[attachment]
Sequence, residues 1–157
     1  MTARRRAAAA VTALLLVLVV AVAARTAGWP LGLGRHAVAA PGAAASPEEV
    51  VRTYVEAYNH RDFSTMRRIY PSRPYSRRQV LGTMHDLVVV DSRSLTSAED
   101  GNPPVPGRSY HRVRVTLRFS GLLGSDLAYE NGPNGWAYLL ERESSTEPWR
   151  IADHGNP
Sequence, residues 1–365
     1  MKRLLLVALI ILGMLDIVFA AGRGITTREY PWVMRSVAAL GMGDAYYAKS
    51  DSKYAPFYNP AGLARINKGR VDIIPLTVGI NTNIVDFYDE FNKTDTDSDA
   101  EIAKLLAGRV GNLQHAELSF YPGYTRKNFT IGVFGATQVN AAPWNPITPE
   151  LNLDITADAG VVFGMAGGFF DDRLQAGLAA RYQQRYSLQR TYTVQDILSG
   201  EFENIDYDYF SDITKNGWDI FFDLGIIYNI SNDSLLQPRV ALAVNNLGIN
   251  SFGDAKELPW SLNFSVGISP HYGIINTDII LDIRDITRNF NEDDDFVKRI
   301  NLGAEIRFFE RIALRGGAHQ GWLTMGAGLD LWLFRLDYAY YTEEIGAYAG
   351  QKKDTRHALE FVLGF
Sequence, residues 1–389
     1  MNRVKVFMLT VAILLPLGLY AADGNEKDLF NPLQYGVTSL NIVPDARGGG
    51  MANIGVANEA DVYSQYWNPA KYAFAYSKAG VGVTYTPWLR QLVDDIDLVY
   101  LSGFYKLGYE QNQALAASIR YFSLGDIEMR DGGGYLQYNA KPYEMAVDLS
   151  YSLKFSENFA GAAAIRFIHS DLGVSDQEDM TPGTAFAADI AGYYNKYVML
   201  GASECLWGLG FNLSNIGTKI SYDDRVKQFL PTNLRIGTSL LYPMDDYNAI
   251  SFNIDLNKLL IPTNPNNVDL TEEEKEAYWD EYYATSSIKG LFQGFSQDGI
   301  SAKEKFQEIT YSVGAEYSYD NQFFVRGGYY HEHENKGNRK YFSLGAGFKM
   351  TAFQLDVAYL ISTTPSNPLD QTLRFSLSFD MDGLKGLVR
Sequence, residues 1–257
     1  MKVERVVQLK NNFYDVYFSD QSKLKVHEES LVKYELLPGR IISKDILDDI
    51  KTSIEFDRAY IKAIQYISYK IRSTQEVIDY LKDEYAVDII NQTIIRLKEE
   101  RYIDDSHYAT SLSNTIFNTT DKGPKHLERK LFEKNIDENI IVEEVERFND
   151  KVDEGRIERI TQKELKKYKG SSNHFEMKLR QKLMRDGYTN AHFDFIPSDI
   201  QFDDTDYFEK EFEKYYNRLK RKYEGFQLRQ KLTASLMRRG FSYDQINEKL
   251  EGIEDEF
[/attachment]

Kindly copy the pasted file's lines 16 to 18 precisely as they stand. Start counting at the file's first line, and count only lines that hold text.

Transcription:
     1  MNRVKVFMLT VAILLPLGLY AADGNEKDLF NPLQYGVTSL NIVPDARGGG
    51  MANIGVANEA DVYSQYWNPA KYAFAYSKAG VGVTYTPWLR QLVDDIDLVY
   101  LSGFYKLGYE QNQALAASIR YFSLGDIEMR DGGGYLQYNA KPYEMAVDLS